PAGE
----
A dojo is a place where you go to practice stuff, learning is a continuous process. It's based on the idea of deliberate practice.

Paris was started in Paris, where it follows a very structured format.

Katas are forms that you practice to prepare yourself. You learn how to solve a problem using baby steps. In Paris they do this in silence, unless you really don't understand and have to ask a question. "Randori kata" is public pair programming, with a pilot and a co-pilot that solve a problem on stage.


The London Dojo works more like a seminar and attendees are encouraged to interrupt. Participation is expected. They do team dojo where the team must solve a problem within a timeframe. Problems are written on a blackboard, people vote for one and then everyone works at solving it in a team of 5 or 6 people over 1h30. Finally there is a show, tell, review and question event where each team presents their solution/approach.

Why participate in a dojo?

  • The educational benefit, of learning by doing
  • You can fail safely in a sympathetic environment, and experiment
  • People teach one another, all levels can attend
  • You build a community: in London, that's relaxing with pizza and beer

What's a good dojo?

From the attendee's perspective: it's fun, you get to solve problems, it's safe to make mistakes, show and tell is encouraged which is good to get feedback.

From the organiser's perspective: it self-organises, mostly.

To see if it's going well: see that there is a positive aim, something is done to reach this aim, with some sort of feedback at the end.

Personal observations

Beware of systems and gurus. Ignore systems if something else works for you, you can actually do damage otherwise. Learn to practice learning!

Q&A tidbits

When they (or another dojo?) started using they doubled their numbers! Or EventBrite, the idea is to have a centralised system, with tickets to predict attendance.

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EuroPython 2011: Lightning Talks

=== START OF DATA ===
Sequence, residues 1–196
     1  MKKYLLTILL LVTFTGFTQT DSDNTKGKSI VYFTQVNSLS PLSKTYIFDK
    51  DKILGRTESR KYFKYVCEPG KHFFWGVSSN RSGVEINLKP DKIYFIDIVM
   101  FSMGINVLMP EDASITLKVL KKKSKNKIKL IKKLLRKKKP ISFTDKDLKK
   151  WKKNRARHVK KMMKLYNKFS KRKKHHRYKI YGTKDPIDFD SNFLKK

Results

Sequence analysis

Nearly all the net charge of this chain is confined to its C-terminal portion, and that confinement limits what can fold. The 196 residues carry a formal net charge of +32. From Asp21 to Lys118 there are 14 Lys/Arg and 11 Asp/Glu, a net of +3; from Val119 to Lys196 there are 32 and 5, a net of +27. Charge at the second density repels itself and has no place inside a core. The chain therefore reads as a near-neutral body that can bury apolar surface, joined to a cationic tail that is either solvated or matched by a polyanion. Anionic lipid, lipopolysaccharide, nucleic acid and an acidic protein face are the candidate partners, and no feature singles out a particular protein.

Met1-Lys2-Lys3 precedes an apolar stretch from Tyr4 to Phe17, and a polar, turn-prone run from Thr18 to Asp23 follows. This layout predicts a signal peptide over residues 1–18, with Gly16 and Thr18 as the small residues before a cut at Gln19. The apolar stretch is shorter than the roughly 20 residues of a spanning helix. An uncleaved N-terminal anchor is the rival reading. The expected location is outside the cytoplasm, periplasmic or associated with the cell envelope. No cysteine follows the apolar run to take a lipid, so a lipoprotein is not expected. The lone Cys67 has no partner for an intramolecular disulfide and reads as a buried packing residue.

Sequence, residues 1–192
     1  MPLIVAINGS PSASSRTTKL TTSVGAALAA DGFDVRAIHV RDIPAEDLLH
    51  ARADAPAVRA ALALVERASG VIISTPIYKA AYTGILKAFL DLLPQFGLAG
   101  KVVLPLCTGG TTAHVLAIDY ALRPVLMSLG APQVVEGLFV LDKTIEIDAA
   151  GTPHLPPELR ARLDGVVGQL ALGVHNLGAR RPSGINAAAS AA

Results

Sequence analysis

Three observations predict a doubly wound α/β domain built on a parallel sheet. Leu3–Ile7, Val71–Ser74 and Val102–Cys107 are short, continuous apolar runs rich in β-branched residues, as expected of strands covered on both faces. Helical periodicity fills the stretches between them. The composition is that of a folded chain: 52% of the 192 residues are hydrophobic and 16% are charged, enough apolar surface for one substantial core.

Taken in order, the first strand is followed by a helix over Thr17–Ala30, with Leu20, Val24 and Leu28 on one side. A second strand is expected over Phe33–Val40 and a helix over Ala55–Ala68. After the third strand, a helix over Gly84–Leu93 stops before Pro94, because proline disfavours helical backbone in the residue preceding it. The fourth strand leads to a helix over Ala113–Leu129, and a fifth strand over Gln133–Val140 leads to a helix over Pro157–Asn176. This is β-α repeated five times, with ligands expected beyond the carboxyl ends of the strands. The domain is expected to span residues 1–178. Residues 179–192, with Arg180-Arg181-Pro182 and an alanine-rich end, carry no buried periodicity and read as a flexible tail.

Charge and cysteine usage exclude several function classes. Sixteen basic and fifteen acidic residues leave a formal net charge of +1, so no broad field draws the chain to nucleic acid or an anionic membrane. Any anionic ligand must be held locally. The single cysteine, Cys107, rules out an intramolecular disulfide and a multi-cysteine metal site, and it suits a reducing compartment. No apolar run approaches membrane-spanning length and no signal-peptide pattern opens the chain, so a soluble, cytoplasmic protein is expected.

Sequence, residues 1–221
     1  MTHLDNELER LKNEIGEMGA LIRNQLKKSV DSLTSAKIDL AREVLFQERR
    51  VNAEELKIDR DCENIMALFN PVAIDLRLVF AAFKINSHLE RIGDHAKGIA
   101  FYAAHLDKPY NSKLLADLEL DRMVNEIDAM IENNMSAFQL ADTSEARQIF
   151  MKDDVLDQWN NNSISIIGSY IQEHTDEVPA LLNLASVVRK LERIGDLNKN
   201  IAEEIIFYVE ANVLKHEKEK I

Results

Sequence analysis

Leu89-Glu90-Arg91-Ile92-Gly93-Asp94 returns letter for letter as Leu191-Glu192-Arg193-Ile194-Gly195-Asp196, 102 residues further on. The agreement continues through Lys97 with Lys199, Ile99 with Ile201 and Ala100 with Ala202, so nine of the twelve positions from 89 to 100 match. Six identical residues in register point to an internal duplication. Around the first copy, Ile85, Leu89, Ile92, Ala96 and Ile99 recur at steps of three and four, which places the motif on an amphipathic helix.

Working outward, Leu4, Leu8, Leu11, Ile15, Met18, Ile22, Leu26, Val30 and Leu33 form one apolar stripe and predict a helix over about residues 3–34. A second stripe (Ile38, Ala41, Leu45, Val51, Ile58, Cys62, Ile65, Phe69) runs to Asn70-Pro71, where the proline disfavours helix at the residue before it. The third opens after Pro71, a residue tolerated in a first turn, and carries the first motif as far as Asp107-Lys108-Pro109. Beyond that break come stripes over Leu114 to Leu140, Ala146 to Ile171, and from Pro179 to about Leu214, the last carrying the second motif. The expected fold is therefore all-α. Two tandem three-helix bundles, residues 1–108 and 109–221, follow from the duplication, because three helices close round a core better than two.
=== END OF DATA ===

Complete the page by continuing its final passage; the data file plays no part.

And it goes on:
The lightning talks were very fast paced (5 minutes) so I only jolted down some project names I want to check out and interesting tidbits, and missed speaker names just about all the time. Sorry!

To easily create diagrams, check out blockdiag. It includes different shapes that make me hopeful it might be a less painful way to do nice topologies.

Someone's project to remove the GIL in Pypy (future):

global_lock.acquire() / .release()
with Transaction():

Learning a language in 60 hours: (English homepage). It's a piece of software for your mobile phone, that encourages you to learn a language like children do. It's written in Python.

shlex for simple lexical analysis.

Python Edinburgh are a bunch of cool folks with their own conference :)

DjangoZoom, effortless deployment for Django (like Heroku?)

pip install null, if a need to use the Null object pattern arises.

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EuroPython 2011: Mark Ramm on A Python Takeover

Link: Talk description and video

2 years and a half ago, SourceForge was all PHP except for one little Python service. SourceForge was originally written in 1999, when Python wasn't so great at the web. After 10 years though, it all started to atrophy.

So SourceForge decided to do a little experiment and assigned 2 people to create They chose a web framework, thinking that Python was good and impressed with the Django documentation: there was no real learning curve. Couchdb was a bit slow, though.

The experiment was a success (although the site is now gone, due to managerial reasons if I understood correctly) and so they were then given 6 weeks to redo the download page/files of SourceForge. It had to be dynamic, to offer you a download relevant to your platform: they use the user agent string to figure out the operating system, and borrowed code from setuptools to figure out which release is the latest.

Their admins loved Apache so they went with mod_wsgi, which worked out well.

The whole system worked fine on a laptop handling all the traffic from SourceForge: that was the only load testing! And unfortunately when the system went live it took about 8 seconds to load a page. There was no CPU or memory usage. It turned out they saturated their gigabit Ethernet card, by loading all the releases, which some projects have a lot of (e.g. JBoss). Memcached turned out to be slower than MongoDB, because of pickling, the 4 megabytes objects and CPU.

Finally they updated the list to not include all releases and the project was deemed a success! Thus everything shall become Python. They are developing their new platform openly, Allura. They use a FUSE filesystem in Python to control permissions.

From now on, they have an internal mandate that everything should be written using Python unless there is a good reason not to. And now SourceForge can compete again! As well as explore new directions.